REICHARD: What about the down-ballot races, particularly in the Senate. What effect do you think this might have on those contests?

EVANS: I think we have seen that as the country has become more polarized, there has been more straight ticket or party line voting. And so Trump’s low approval is a drag on Senate and House candidates. Now, it’s not really a surprise that he is a drag in Democratic leaning states like Colorado and Maine. But Trump’s behavior has also alienated many Republicans, which has ended up threatening Republican senators in Republican leaning states like Arizona, Iowa, Georgia, and North Carolina.

REICHARD: We don’t know for sure whether the president and Joe Biden will debate one another again between now and Election Day. If they don’t meet again, or have to postpone the next debate until very close to the election, who benefits most?

EVANS: I think canceling the debates benefits Biden the most because since he in the lead, he has the most to lose. And so if he’s in a debate and makes a gaffe, that could potentially change the course of the election. The other thing to keep in mind is that if it is moved later in the cycle, closer to Election Day, that can magnify the importance of any gaffe or mistake made by any other candidate because there’s less time for the candidate to recover.

REICHARD: Given that uncertainty, do you think tonight’s debate between Vice President Mike Pence and Senator Kamala Harris becomes more significant?

EVANS: I think that the illness that Trump is suffering from and the fact that both candidates are in their 70s is a reminder that the vice presidential choice is a very important one—one that I think we sometimes overlook. But it’s also important for another reason and that’s talking about 2024 or 2028.

The debate is important for Mike Pence in two ways. First, he is auditioning to be a potential replacement for Donald Trump if something happens to him between now and the election. Two, he wants to be able to show that he can go toe-to-toe with Senator Harris who would be a strong contender to be the next Demoratic nominee after a Biden administration.

REICHARD: The vice president and Senator Harris have very different personal styles. What are you looking for in tonight’s matchup?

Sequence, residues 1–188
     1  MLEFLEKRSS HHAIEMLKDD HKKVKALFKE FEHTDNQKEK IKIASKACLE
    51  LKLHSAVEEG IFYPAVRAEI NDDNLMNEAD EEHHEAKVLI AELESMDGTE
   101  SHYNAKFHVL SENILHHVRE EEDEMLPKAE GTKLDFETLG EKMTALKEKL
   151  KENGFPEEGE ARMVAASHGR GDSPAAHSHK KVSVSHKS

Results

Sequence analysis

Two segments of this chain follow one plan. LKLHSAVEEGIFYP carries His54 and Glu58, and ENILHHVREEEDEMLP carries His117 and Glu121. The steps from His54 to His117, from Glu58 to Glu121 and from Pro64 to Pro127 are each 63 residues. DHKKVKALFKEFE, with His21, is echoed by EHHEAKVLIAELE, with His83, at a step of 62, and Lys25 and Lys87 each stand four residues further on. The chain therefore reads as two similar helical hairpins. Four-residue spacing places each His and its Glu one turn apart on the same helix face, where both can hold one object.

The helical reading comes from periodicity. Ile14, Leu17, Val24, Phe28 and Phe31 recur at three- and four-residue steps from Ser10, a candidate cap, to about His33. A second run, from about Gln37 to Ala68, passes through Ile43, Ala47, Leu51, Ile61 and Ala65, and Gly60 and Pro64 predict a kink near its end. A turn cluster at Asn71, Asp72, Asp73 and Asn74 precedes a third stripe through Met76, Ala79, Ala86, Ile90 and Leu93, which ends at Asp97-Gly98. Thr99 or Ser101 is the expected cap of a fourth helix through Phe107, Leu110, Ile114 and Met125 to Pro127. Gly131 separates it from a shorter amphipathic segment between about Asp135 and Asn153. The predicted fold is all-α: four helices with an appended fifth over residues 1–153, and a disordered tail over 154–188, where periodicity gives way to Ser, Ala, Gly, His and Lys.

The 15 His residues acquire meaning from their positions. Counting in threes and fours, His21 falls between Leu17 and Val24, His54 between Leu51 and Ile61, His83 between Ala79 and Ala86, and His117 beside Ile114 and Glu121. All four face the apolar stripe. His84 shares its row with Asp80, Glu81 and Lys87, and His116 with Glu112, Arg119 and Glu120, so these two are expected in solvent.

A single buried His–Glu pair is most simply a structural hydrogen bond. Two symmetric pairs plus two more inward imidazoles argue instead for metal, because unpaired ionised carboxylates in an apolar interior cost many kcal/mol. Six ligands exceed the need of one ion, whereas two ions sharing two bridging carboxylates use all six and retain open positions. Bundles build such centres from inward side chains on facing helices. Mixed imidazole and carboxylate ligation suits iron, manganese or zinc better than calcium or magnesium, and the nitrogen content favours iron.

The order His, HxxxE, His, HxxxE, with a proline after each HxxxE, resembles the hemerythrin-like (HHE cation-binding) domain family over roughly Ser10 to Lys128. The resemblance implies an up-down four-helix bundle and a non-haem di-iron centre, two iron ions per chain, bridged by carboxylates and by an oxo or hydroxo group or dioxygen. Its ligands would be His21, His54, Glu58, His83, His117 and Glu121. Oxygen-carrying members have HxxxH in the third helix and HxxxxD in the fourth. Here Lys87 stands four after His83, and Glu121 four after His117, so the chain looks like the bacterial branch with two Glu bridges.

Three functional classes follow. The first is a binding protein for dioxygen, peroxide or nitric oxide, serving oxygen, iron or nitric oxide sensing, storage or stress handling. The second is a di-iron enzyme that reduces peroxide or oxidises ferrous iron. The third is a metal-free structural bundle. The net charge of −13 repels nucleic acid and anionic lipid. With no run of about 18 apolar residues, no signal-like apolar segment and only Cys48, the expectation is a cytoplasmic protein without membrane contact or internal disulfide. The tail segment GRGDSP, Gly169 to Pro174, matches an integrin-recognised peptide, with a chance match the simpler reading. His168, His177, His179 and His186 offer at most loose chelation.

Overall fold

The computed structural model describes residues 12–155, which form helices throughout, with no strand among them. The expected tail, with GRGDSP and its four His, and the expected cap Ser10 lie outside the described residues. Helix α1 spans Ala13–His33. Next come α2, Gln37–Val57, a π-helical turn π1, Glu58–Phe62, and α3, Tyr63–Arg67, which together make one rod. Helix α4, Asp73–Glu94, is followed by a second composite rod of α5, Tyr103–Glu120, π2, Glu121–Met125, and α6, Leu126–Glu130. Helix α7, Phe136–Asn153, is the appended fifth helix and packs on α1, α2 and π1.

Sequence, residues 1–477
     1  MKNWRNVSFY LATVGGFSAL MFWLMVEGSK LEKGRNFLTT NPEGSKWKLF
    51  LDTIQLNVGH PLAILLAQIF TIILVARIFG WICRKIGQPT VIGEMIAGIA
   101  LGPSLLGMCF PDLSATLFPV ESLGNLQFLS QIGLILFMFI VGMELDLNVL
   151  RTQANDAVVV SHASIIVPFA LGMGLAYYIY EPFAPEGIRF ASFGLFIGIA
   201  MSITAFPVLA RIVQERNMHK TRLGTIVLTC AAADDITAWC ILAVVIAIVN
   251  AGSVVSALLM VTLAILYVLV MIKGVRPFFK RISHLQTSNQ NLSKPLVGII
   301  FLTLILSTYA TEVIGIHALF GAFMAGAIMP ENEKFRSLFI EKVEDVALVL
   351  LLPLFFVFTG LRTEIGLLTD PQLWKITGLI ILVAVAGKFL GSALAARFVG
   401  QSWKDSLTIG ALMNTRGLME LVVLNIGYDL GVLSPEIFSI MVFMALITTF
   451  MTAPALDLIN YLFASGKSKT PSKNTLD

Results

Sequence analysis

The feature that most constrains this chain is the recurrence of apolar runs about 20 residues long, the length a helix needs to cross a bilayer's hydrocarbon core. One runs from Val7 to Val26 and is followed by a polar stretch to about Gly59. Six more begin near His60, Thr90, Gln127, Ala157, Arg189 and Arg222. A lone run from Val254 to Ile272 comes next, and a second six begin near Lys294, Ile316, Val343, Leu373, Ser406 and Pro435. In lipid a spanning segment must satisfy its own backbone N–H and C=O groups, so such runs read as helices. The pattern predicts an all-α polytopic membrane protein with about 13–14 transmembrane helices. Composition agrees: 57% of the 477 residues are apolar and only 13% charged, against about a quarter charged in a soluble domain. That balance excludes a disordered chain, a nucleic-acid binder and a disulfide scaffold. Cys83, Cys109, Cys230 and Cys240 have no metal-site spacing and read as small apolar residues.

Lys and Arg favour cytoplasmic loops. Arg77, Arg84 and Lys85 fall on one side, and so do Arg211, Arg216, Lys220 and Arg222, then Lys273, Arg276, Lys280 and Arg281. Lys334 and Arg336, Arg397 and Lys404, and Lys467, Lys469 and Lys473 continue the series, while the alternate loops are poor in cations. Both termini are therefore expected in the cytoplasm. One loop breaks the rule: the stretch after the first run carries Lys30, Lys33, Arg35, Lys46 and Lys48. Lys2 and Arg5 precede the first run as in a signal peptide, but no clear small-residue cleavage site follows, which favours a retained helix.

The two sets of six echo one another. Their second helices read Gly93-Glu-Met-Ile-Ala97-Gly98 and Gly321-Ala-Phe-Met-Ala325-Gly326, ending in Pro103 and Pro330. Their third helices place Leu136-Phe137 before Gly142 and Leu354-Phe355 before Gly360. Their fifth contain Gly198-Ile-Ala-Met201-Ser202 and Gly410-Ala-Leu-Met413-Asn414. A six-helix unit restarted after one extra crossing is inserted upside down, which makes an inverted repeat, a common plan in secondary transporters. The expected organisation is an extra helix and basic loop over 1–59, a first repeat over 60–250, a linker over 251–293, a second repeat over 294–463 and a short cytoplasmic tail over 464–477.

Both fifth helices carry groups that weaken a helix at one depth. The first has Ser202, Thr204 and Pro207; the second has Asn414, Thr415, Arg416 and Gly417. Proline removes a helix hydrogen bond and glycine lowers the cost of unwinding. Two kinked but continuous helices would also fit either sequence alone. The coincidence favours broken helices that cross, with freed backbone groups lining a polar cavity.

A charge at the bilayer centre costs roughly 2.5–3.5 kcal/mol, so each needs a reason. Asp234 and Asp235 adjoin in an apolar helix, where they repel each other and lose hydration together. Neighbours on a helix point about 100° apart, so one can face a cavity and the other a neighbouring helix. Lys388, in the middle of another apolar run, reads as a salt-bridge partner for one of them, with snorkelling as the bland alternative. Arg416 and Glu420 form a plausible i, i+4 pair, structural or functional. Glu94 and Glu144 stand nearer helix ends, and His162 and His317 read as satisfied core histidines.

EVANS: Well, I think there’s several things we can expect. First, I think the tone is going to be much more civil than what we saw in the first debate. Second, you are going to see that Senator Harris is going to by and large avoid Pence and try to talk as much as possible about Trump because the Biden-Harris campaign want this to be a referendum on Trump. By the same token, the Trump campaign wants to make this a choice election. And so Mike Pence is going to point out how Senator Harris is much more liberal than Vice President Biden and he is going to suggest that the choice of Harris is to assuage the liberal base in the party and that the liberals are going to push Joe Biden further and further to the left in his administration. And, therefore, you need to choose Donald Trump and Mike Pence because they are not going to go to that ideological extreme.

REICHARD: Sean Evans is a political science professor at Union University, a Christian college in Tennessee. Thanks so much for joining us today!

EVANS: It’s my pleasure.


(AP Photo/Patrick Semansky) Signs for the upcoming vice presidential debate outside Kingsbury Hall at the University of Utah, Monday, Oct. 5, 2020, in Salt Lake City. 

WORLD Radio transcripts are created on a rush deadline. This text may not be in its final form and may be updated or revised in the future. Accuracy and availability may vary. The authoritative record of WORLD Radio programming is the audio record.